Surgical Risks

When Blepharoplasty is performed by a trained Plastic Surgeon, complications are infrequent and usually minor. Nevertheless, there is always a possibility of complications, including infection or a reaction to the anesthesia. You can reduce your risks by closely following Dr. Zemmel’s instructions both before and after surgery.

Minor complications are very rare after blepharoplasty and include double or blurred vision for a few days, temporary swelling at the corner of the eyelids, and a slight asymmetry in healing.

Following surgery, some patients may have difficulty closing their eyes when they sleep. This is caused by temporary swelling and tightness of the upper lid skin and resolves in a few days to a couple of weeks. In very rare cases this condition may be permanent and may require corrective surgery. Another very rare complication is ectropion, or pulling down of the lower lids. In this case, further surgery may be required. Dr. Zemmel will monitor your progress very closely after surgery and will be there every step of the way. If a problem occurs after surgery he will address it immediately.

The Surgery

Blepharoplasty usually takes one to two hours, depending on the extent of the surgery. If you are having a brow lift with upper and lower lids done, Dr. Zemmel will perform the brow lift first, then the upper lid procedure, followed by the lower lid procedure. The brow lift often changes the amount of skin removal of the upper lids and therefore must be performed first.

In a typical procedure, Dr. Zemmel makes incisions following the natural lines of your eyelids; in the creases of your upper lids, and just below the lashes in the lower lids. The incisions may extend into the crow’s feet or laugh lines at the outer corners of your eyes. Working through these incisions, Dr. Zemmel separates the skin from underlying fatty tissue and muscle, removes excess fat, and often trims sagging skin and muscle. The incisions are then closed with very fine sutures.

If you have a pocket of fat beneath your lower eyelids but don’t need to have any skin removed, Dr. Zemmel may perform a transconjunctival blepharoplasty. In this procedure the incision is made inside your lower eyelid, leaving no visible scar. It is usually performed on younger patients with thicker, more elastic skin.

After Your Surgery

After surgery, Dr. Zemmel will lubricate your eyes with ointment and will apply a cold compresses. Your eyelids may feel tight and sore as the anesthesia wears off, but you will have excellent pain medicine to control the discomfort. Dr. Zemmel will give you a prescription before surgery so you may get it filled and have it ready. If you feel any severe pain, call Dr. Zemmel immediately.

Dr. Zemmel will instruct you to keep your head elevated for several days, and to use cold compresses to reduce swelling and bruising. Bruising varies from person to person: it reaches its peak during the first week, and generally lasts 2 weeks. You’ll be shown how to clean your eyes, which may be gummy for a few days. Dr. Zemmel will recommend lubricant eye drops, since your eyelids may feel dry at first and your eyes may burn or itch. For the first few weeks you may also experience excessive tearing, sensitivity to light, and temporary changes in your eyesight, such as blurring or double vision.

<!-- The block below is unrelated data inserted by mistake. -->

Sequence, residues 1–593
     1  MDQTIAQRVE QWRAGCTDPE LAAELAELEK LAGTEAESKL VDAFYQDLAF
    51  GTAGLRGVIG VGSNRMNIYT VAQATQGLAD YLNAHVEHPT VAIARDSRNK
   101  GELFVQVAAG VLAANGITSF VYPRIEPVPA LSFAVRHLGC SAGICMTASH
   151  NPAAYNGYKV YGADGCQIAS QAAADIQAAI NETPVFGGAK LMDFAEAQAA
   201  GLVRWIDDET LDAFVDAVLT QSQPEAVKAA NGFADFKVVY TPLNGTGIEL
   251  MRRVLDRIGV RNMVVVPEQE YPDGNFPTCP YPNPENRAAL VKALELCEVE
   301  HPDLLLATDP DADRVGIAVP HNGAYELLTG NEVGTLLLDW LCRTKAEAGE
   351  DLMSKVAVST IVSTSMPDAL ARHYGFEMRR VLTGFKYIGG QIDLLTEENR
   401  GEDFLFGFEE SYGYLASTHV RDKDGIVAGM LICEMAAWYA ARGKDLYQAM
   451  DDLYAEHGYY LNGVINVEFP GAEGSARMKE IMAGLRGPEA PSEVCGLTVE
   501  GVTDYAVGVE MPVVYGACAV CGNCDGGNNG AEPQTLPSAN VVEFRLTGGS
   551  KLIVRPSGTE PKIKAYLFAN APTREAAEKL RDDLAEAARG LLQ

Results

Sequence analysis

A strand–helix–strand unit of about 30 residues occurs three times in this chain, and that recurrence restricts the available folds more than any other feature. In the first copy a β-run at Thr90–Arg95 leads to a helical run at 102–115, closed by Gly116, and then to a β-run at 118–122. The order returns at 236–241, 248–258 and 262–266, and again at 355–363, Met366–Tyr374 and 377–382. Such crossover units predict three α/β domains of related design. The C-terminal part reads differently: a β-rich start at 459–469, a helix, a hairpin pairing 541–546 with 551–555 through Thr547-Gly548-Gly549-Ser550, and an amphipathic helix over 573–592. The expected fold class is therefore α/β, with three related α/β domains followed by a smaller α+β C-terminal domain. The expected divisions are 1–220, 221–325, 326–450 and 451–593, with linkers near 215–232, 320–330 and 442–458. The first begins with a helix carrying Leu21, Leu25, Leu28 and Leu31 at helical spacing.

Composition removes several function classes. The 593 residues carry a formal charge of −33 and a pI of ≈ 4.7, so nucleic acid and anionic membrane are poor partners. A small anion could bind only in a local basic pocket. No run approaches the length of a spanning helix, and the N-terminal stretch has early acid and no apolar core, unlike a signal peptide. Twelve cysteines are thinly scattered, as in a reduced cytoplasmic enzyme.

Dr. Zemmel will follow your progress very closely for the 2 weeks. The stitches will be removed 5 days after surgery. Once they’re out, the swelling and discoloration around your eyes will gradually subside, and you’ll start to look and feel much better.

Getting Back To Normal

You should be able to get back to your normal daily activities in 2 or 3 days, but you may not be socially presentable for 7 to 10 days. Many patients will wear sunglasses outside of the house to cover the bruising.

You will not be able to wear contact lenses for about two weeks, and even then they may feel uncomfortable for a while as you tear production returns to normal. By then, depending on your rate of healing and Dr. Zemmel’s instructions, you’ll probably be able to wear makeup to hide the bruising that remains. You may be sensitive to sunlight, wind, and other irritants for several weeks, so you should wear sunglasses and a special sunblock made for eyelids when you go out.

Dr. Zemmel will tell you to keep your activities to a minimum for three to five days, and to avoid more strenuous activities for about three weeks. It’s especially important to avoid activities that raise your blood pressure, including bending, lifting, and rigorous sports. You may also be told to avoid alcohol, since it causes fluid retention.

Your New Look

Healing is a gradual process, and your scars may remain slightly pink for a few months after surgery. Blepharoplasty scar heal extremely well, and eventually they will fade to a thin, nearly invisible white line.

The positive results of your Blepharoplasty- the more alert, refreshed, and youthful look- will last for many years.